The waning influence of Moms for Liberty
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The right-wing group Moms for Liberty has been a force in clashes over what public schools can teach or not about sexuality and race, but its influence may be on the wane. Last week, the group lost closely watched school board races in Pennsylvania, Virginia and Iowa. As Jim Zarroli reports, Moms for Liberty is facing growing resistance at the local level.
JIM ZARROLI, BYLINE: Karen Svoboda and her husband have a large blended family of seven kids in New York's Dutchess County. They try to pay attention to what's happening in local schools. So when Moms for Liberty endorsed a slate of school board candidates last year, Svoboda did some research.
KAREN SVOBODA: And then I looked into the local Facebook page of Moms for Liberty and just browsed through some of the social media of some of these individuals. And what I saw was very upsetting.
ZARROLI: The Southern Poverty Law Center has called Moms for Liberty a hate group. It supports efforts to oppose pandemic restrictions, suppress discussion of LGBTQ issues and remove books in local schools across the country. Many of the comments Svoboda read attacked her local school's teachings on gender and racial equity issues. One post in particular bothered Svoboda, who has gay and nonbinary kids in her family. It said a gay students group at the high school was indoctrinating students.
SVOBODA: As a mom of kids who are members of that community, it was very concerning to think that these people would be trying to get onto the school board, 'cause what does that mean for my kids?
ZARROLI: Svoboda knew Moms for Liberty had supporters locally. Dutchess County is an hour and a half north of progressive New York City, but it's a swing district politically. Political scientist Maurice Cunningham says the group appeals to people who feel disenfranchised from politics.
MAURICE CUNNINGHAM: And that may be more potent in blue areas where very conservative people may feel like they don't have a way to fight back. And Moms for Liberty gives them one.
ZARROLI: Svoboda started a group called Defense of Democracy to get the word out about some of the school board candidates. It's part of a nationwide grassroots counteroffensive against conservative efforts targeting schools. Katie Paris, who founded a network of liberal suburban women called Red Wine and Blue, says the culture warriors running for school board in many places are out of step with most voters.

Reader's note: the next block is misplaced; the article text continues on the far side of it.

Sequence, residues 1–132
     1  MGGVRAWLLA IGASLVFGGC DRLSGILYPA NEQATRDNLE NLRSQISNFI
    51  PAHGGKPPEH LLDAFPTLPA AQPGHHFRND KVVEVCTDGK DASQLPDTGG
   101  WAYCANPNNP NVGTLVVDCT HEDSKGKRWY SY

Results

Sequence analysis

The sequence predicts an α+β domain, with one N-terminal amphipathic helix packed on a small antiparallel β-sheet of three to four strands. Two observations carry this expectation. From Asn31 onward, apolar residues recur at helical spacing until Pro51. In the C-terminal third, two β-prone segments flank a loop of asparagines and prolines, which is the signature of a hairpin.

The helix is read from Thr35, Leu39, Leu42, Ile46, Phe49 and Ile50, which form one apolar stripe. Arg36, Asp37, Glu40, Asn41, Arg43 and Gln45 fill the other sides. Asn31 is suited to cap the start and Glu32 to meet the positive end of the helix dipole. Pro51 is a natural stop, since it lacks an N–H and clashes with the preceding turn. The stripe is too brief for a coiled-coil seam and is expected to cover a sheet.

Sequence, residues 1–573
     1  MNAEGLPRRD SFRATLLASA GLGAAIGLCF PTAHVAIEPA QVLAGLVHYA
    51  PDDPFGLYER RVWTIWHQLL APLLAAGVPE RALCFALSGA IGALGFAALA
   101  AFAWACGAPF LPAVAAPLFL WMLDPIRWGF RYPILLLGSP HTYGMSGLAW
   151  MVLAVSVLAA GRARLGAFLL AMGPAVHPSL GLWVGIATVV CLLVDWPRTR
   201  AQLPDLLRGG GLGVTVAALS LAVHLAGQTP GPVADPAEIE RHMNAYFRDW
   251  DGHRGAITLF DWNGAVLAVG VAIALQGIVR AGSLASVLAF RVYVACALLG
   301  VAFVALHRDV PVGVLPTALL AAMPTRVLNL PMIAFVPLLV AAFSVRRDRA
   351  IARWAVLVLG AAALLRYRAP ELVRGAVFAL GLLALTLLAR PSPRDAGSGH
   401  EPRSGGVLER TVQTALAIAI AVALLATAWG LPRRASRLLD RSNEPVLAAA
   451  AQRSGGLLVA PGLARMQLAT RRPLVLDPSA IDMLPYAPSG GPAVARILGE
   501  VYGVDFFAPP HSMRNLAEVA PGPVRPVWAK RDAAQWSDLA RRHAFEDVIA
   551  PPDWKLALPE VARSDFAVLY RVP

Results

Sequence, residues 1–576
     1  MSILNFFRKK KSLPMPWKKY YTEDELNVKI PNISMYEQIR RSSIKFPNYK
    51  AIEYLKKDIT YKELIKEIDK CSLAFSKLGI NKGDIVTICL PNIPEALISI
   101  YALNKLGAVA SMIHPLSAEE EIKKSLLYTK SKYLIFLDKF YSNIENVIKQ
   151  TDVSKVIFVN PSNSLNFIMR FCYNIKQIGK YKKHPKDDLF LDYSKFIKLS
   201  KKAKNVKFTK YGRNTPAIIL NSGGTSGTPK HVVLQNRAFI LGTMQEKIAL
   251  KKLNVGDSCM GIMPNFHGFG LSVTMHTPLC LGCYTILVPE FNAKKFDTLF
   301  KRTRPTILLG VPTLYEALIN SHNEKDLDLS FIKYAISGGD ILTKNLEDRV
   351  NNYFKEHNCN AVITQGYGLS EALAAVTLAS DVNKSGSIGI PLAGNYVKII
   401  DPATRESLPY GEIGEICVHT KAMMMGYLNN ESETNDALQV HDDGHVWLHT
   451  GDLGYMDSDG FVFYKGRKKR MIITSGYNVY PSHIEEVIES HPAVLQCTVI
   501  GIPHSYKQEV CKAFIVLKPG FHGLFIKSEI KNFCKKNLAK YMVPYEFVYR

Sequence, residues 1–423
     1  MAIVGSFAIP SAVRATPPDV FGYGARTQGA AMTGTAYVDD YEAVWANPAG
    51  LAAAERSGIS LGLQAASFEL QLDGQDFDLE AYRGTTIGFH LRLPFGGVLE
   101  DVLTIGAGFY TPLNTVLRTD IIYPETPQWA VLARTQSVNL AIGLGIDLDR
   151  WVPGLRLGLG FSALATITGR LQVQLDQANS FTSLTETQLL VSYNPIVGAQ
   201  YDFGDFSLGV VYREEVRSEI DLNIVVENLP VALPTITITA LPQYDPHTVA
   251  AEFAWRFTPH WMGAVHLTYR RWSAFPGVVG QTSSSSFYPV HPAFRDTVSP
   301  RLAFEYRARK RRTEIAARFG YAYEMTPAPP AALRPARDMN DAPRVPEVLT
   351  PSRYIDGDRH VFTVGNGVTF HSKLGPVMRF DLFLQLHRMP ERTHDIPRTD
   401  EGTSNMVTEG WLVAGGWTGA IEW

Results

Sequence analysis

KATIE PARIS: They don't represent the majority, but they are very loud, and their views are very extreme. And we have seen what can happen when just a few people start to sow chaos in any individual school district.
ZARROLI: Svoboda's group has had its successes. It helped defeat an entire slate of Moms for Liberty school board candidates last year. She also began to hear from people all over the country worried about the group's influence in schools. And Defense of Democracy now has chapters across the country. They hold Zoom calls once a week. But it hasn't been easy.
SVOBODA: In 2022 was my first death threat, yes. I received a message on social media saying they wanted to put me into a wood chipper.
ZARROLI: She's lost some battles. Her group tried and failed to get Moms for Liberty barred from a local community day parade. The Dutchess County Moms for Liberty chapter didn't respond to interview requests, but former state assemblyman Kieran Lalor, a Republican, insists that many local parents share the group's views.
KIERAN LALOR: You need a club for sexuality in your high school, sponsored by the school? I don't know. That doesn't really reflect the values of this community, but it's there.
ZARROLI: Lalor says conservatives have had trouble winning school board races because of opposition from progressive teachers unions. But he says groups like Moms for Liberty can prevail.
LALOR: If they keep at it, and I hope they do, they will be successful and start to win back some of the school boards.
ZARROLI: But in last week's elections, candidates Moms for Liberty endorsed lost numerous high-profile races. The group points out that some 40% of its endorsed candidates did win, which it says is not bad considering that many were running for the first time. And it's already preparing for next year's elections. But it will do so facing an energized and growing grassroots opposition.
For NPR News, I'm Jim Zarroli. Transcript provided by NPR, Copyright NPR.
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